- Which king preceded Queen Victoria?
- Guy Bailey, Roy Hackett and Paul Stephenson made history in 1963, as part of a protest against a bus company that refused to employ black and Asian drivers in which UK city?
- Who famously duelled Alexander Hamilton on 11 July 1804, resulting in the founding father’s death?
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- What is considered the world’s oldest writing system?
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- Although never taking her seat, who was the first woman to be elected to the houses of parliament?
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- Can you name the five beach codenames used by Allied forces on D-Day?
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- In August 1819, around 60,000 peaceful pro-democracy protestors were attacked in an open square in Manchester. This event was known as…
- Which rock band formed in 1994 takes its name from a term used by the Allies in the Second World War to describe various UFOs?
- In which year did Emily Wilding Davison die as a result of a collision with King George V’s horse during the Epsom Derby?
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- Which English king died in 1066, leaving no heir to the throne?
- Neil Armstrong, Buzz Aldrin and…? Who was the third astronaut involved in the Apollo 11 mission that landed on the moon?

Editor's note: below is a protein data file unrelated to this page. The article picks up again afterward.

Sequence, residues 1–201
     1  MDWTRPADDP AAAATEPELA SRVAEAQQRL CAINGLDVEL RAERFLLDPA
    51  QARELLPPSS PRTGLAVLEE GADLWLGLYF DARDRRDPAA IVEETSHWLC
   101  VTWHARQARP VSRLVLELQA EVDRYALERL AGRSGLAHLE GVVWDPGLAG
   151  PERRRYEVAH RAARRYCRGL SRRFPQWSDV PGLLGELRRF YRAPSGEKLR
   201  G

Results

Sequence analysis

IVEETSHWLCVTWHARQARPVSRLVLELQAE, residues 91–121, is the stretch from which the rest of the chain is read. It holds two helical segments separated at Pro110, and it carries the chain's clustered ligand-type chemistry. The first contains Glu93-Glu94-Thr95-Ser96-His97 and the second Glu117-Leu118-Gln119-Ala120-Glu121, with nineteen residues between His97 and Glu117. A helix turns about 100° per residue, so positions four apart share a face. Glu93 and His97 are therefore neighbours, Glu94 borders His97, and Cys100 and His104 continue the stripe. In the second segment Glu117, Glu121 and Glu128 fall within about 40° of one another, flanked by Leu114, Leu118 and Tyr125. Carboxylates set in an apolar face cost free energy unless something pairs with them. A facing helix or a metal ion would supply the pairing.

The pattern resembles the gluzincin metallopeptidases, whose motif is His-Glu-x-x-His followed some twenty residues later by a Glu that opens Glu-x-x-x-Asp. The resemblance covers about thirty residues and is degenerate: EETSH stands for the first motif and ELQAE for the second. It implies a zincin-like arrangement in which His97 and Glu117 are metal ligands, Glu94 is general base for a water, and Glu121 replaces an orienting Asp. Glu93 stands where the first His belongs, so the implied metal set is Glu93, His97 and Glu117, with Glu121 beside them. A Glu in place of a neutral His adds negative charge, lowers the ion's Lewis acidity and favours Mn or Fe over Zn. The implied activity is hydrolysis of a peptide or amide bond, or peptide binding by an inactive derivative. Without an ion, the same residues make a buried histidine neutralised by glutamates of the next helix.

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- During the US civil rights movement in the 1960s, who said: “We declare our right on this earth…to be a human being…by any means necessary”?
- Who was the wife of the future Henry VIII’s older brother, Arthur?
- What is trepanning?
- In which decade did the potato famine strike Ireland?
- Who led the Scottish army to victory over the English at the battle of Bannockburn in 1314?
- What were the four humours that the ancient Greeks believed made up the body and determined illness?
- Who sent the Spanish Armada to England in 1588?
- Which English king built castles in the 13th century to help conquer Wales?
- The Chinese Exclusion Act was signed into law by which US president in 1882?
- Which 19th-century Englishwoman became the first qualified medical doctor?
- Which part of Berlin was enclosed by the wall?
- Which prominent Kurd, born in Tikrit, united Muslim forces against the crusaders in the 12th century?
- Which rebellious leader of the Catuvellauni tribe was caught and taken to Rome in AD 50, then pardoned by Emperor Claudius?
- Which American president was in power during the ‘Black Thursday’ Wall Street crash?
- At what famous French landmark was the document signed which set out the terms of ‘peace’ following the First World War?
- Where were Charles I’s headquarters during the Civil War?
- Who assassinated Archduke Franz Ferdinand of Austria in 1914?
- Who was the last king of the Plantagenet line of monarchs?
- The controversial film Birth of a Nation, which was released in 1915, was used as a recruiting tool for which organisation?
- What was Eleanor Roosevelt’s maiden name?
- Who was the last tsar of Russia?
- During 1963, in Washington DC, Martin Luther King Jr gave his famous ‘I have a dream’ speech on the steps of which famous landmark?